Sandra Fluke of California became the latest high-profile foot soldier from Democrats’ “war on women” campaign to announce a bid for office Wednesday, saying she will seek a state Senate seat.
Ms. Fluke, who became the face of Democrats’ birth control campaign, joins Wendy Davis, the state legislator whose failed filibuster to try to halt that state’s abortion restrictions last year served as the springboard for her bid for Texas governor.
Democrats also are fielding pro-choice women — Michelle Nunn and Alison Lundergan Grimes — in the Senate races in Georgia and Kentucky, which are thought to be the party’s best chances of picking up Republican-controlled seats in the upper chamber.
Republican strategist Ford O’Connell said these well-known female candidates could help Democrats gin up their base as they face tough political headwinds.
“With Obamacare and everything else against them, they are going to turn back to the same old playbook that they have used to make elector gains in previous years, which is the war on women, hate the poor and despite minorities,” Mr. O’Connell said. “They have to focus on social issues because that is the only way they can gin up the base, because right now in the midterms Republicans have an electoral advantage.”
In 2012, Ms. Fluke, then a Georgetown Law School student, became the face of Democrats’ push for mandatory insurance coverage of contraception in Obamacare. After testifying on Capitol Hill about her inability to get birth control on the Catholic university’s student health care plan, talk-show host Rush Limbaugh called her a “slut.” He later apologized.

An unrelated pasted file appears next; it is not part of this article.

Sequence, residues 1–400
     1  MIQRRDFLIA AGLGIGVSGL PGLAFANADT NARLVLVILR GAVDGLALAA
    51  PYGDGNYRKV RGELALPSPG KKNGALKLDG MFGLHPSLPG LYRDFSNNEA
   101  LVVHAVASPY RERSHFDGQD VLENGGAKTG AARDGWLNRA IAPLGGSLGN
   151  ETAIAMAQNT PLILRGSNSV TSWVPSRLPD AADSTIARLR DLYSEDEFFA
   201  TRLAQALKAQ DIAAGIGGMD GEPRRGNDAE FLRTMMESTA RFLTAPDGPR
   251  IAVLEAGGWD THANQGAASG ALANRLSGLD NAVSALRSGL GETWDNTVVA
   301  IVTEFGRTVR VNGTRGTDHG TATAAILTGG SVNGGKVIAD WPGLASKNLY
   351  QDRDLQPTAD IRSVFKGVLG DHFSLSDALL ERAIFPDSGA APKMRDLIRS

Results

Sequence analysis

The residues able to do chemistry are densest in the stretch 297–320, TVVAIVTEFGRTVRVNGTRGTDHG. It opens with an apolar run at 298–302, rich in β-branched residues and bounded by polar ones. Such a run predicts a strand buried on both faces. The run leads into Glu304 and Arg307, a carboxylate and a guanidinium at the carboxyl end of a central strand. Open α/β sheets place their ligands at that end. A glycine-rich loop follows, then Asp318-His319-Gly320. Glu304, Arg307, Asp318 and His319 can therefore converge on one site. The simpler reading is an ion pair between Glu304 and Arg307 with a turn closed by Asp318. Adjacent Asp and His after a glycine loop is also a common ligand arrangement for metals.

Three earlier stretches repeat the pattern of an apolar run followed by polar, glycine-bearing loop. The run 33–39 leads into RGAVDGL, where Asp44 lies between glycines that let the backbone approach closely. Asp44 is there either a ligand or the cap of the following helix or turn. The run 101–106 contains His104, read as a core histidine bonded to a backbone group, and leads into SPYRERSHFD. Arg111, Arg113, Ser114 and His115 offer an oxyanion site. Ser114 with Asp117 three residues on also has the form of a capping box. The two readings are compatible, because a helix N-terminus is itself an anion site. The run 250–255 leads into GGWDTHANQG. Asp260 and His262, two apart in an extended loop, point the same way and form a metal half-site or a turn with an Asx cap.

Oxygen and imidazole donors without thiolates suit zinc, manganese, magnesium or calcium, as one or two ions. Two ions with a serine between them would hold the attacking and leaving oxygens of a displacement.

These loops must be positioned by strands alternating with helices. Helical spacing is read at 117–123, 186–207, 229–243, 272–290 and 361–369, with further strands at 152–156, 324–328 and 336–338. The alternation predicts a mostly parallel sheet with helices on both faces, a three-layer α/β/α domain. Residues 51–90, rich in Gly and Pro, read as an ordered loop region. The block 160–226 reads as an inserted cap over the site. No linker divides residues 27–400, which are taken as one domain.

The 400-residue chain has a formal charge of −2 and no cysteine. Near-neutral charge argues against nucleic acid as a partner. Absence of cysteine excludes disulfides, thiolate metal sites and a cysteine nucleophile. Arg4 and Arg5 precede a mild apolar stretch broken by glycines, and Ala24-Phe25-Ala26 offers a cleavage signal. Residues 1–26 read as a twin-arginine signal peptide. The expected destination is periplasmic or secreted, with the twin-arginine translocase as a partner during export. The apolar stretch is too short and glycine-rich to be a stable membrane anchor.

The Democratic activist and lawyer reportedly had been thinking of making a bid for Congress, but said Wednesday that she instead will pursue a state Senate seat.
“Today I have announced that I am running for California State Senate,” she posted, right above a picture of her and President Obama. “I hope you will continue to stand with me and fight!”
The seat represents part of Los Angeles County. It is held by Ted Lieu, who is running for the seat of retiring Rep. Henry A. Waxman, a fellow Democrat.
Democrats campaigning in 2012 argued that Republicans were waging a war against women, and Mr. Obama rode that message to a re-election victory of GOP nominee Mitt Romney, capturing 55 percent of the female vote, according to exit polls.
Since then, the GOP has tried to push back by tapping a woman to deliver the official party response to Mr. Obama’s State of the Union address and making an effort to talk about how their policies would affect women.
Republican lawmakers are pushing a bill that would ban most abortions nationwide after 20 weeks of pregnancy — a proposal that pro-lifers claim resonates with the majority of the nation and could put pro-choice candidates — like Ms. Davis and Ms. Fluke — on the defensive.
Last month, the Republican National Committee also passed a resolution urging their candidates to stand their ground on pro-life issues and speak out against abortion.
Former Arkansas Gov. Mike Huckabee, though, seemed to muddy that message when, at the same RNC meeting, he said Democrats want women to believe they are helpless without “Uncle Sugar” covering the costs of birth control because they “cannot control their libido or their reproductive system without the help of the government.”
Ms. Fluke responded in a Newsweek op-ed, saying “we are not looking for a handout from ‘Uncle Sugar’ to score a contraceptive fix.”
“Offensive statements like Huckabee’s keep popping up because they aren’t slips of the tongue,” she said. “They reflect a profound disrespect for women’s right to determine their own health care choices and their family’s economic future.”